Person NameBrown; Alexander Crum (1838-1922); Professor; chemist
HistoryAlexander Crum Brown was born in Edinburgh on 26 March 1838. His father was twice married; his son by the first marriage was John Brown, M.D., well known as an Edinburgh physician but who earned a wider fame as the author of 'Rab and his Friends'. His mother's brother, Walter Crum, F.R.S., was a chemist of note and may have influenced Crum Brown's choice of chemistry as a career.

He was educated in the Royal High School, Edinburgh and in 1854 he entered the University of Edinburgh as an Arts student and he graduated M.A. in 1858. He then studied medicine graduating M.D. in 1861. During the same time he read for the science degree of London University, and in 1862 he had the distinction of being the first candidate on whom the Doctorate of Science of London University was conferred. After medical graduation in Edinburgh he studied chemistry in German, first under Bunsen at Heidelberg, and then under Kolbe at Marburg.

In 1863 he was licensed as an Extra-Academical Lecturer in Chemistry by the University of Edinburgh. Each winter session, he gave "a systematic course of Lectures on Chemistry, and taught Practical and Analytical Chemistry". Each summer session he gave a special course of lectures on "one of the higher departments of Chemistry, or on Crystallography". His classes were small, sometimes consisting of only two students. Thus he had ample time for research which he used very profitably so that when, on Playfair's resignation, he applied for the Edinburgh Chair of Chemistry he received the support of nearly all the prominent British chemists and also of many Continental chemists, a total of 39, and also of 12 men of other scientific disciplines.

Crum Brown was elected a Fellow of the Royal Society of Edinburgh in 1864 and served on the Council for a total of forty-four years. He was elected a Fellow of the Royal Society of London in 1879, was President of the Chemistry Section of the British Association in 1874, and President of the Chemical Society from 1891 to 1893. He retired from the Chair of Chemistry in 1908. Early in his professorial life he had married Jane (nee Porter) whose death two years after his retirement overshadowed the last decade of his life. Failing health confined him to the house, though his mind lost little of its activity, and he died peacefully on 28 October 1922.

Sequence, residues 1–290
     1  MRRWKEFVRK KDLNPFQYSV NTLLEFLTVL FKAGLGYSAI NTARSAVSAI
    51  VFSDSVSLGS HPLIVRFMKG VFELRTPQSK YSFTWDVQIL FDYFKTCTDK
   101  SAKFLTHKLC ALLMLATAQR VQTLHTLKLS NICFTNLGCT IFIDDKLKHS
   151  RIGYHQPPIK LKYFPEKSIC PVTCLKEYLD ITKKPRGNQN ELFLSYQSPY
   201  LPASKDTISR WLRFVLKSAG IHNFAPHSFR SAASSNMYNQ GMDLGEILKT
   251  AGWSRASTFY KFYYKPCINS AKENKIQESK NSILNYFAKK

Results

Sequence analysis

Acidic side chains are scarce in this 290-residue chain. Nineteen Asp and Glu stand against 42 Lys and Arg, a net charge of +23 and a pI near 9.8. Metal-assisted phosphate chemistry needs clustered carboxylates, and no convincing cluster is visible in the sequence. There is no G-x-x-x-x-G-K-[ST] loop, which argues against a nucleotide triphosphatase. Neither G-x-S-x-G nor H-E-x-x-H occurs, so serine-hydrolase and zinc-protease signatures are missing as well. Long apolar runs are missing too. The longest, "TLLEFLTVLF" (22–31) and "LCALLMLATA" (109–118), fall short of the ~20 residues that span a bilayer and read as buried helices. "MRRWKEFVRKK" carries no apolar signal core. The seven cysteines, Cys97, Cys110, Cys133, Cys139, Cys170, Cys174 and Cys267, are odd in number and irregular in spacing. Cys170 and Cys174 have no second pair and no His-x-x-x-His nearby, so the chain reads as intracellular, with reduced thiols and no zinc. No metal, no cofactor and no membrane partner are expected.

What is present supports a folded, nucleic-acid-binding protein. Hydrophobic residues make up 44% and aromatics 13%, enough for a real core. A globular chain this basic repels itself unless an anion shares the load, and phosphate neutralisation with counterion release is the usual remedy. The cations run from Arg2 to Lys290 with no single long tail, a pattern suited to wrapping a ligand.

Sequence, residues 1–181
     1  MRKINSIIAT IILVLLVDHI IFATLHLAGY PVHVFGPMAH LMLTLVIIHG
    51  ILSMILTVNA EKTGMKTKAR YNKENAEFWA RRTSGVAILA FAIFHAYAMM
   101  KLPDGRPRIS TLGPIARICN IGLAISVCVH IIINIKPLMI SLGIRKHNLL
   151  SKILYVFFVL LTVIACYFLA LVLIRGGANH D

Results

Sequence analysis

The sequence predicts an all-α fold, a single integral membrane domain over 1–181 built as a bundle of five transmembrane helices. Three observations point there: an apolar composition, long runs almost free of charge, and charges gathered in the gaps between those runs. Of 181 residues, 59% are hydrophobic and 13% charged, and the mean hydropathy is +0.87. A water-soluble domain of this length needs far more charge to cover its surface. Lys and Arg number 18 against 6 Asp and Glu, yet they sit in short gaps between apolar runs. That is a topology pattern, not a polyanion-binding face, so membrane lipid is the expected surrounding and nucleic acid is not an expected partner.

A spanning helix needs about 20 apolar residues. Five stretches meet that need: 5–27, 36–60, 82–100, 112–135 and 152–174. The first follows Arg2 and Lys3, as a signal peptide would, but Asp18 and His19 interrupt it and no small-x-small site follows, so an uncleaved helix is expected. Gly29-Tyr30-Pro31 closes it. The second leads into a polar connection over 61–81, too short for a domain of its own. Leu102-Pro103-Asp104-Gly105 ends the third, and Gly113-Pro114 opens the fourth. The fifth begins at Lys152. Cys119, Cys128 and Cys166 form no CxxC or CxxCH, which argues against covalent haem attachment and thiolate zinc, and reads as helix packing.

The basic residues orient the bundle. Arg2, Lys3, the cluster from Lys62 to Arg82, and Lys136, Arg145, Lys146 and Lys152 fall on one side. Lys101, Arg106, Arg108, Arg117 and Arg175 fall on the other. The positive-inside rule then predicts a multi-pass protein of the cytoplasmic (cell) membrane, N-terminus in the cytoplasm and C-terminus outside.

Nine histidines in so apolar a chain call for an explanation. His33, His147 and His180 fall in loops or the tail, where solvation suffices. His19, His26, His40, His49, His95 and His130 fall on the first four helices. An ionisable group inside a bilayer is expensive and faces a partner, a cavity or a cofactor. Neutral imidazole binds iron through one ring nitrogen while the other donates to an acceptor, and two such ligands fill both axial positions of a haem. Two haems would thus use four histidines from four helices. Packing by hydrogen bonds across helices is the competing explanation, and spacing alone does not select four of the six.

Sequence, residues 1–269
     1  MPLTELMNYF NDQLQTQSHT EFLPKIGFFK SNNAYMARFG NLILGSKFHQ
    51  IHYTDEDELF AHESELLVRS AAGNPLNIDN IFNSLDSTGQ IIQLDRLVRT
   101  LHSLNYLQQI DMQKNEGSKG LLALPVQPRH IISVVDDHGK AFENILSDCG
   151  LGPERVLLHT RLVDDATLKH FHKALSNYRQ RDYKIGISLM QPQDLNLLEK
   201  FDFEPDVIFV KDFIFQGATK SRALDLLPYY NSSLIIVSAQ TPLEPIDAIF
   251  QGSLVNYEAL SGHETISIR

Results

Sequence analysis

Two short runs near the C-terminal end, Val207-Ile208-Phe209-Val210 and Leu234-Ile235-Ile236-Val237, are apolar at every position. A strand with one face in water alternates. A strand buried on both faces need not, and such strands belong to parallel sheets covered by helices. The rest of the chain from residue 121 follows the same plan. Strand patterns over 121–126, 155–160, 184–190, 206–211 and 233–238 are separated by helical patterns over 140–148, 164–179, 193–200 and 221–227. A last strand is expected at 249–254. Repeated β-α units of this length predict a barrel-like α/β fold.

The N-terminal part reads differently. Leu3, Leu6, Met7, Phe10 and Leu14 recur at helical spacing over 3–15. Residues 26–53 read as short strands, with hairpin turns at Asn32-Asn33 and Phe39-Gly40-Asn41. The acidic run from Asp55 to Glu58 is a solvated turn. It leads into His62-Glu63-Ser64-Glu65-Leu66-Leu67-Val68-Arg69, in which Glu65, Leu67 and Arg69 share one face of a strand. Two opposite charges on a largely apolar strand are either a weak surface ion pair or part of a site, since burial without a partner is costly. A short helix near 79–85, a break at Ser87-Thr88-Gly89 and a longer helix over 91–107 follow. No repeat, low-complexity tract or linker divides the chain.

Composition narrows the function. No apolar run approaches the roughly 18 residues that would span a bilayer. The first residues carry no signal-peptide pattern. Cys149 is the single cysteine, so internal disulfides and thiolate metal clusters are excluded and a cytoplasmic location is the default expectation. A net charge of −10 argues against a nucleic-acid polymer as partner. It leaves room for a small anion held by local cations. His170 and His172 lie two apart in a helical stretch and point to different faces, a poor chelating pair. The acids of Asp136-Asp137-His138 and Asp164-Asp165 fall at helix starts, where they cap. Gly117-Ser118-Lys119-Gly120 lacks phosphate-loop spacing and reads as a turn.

Crum Brown's main scientific work was done while he was young. His M.D. thesis was entitled "On the Theory of Chemical Combination" and showed him to be a pioneer in scientific thought. In it he developed a system of graphic formulation of compounds which is essentially identical with that used today. In 1864 he published an important paper on the "Theory of Isomeric Compounds", in which, using his graphic formulae, he discussed the various types of isomerism, paying special attention to fumaric and maleic acids. In 1867 in continuation of his systematic work he published a paper "On the Classification of Chemical Substances by means of Generic Radicals". His breadth of knowledge is shown by a paper in 1867 "On an Application of Mathematics in Chemistry" and in 1868 by a pioneering investigation of fundamental importance on the connection between chemical constitution and physiological action.

For some time after his appointment to the Chair he published little but in 1873 he began a series of investigations of the organic sulphur compounds, particularly derivatives of trimethyl-sulphine, which occupied him for several years. In 1890 he entered a new period of chemical activity with a theoretical paper on the relation of optical activity to the nature of the radicals bonded to the assymetric carbon atom. About the same time he began a series of researches on the synthesis of dibasic acids by the electrolysis of ester-salts. In 1892, in conjunction with John Gibson, he published the well-known rule for determining the position in the benzene nucleus taken up by an entering radical with respect to one already present.

Despite its high calibre Crum Brown's work received scant recognition partly because through loyalty to the Royal Society of Edinburgh he published nearly all his researches in the Society's 'Transactions' and 'Proceedings' whose circulation among chemists was very limited. In addition to his chemical work he made valuable contributions to physiology and published several careful papers on certain branches of mathematics. Outwith science his breadth of knowledge was also exceptional, extending to philology, church history, and modern languages including Russian and Chinese.

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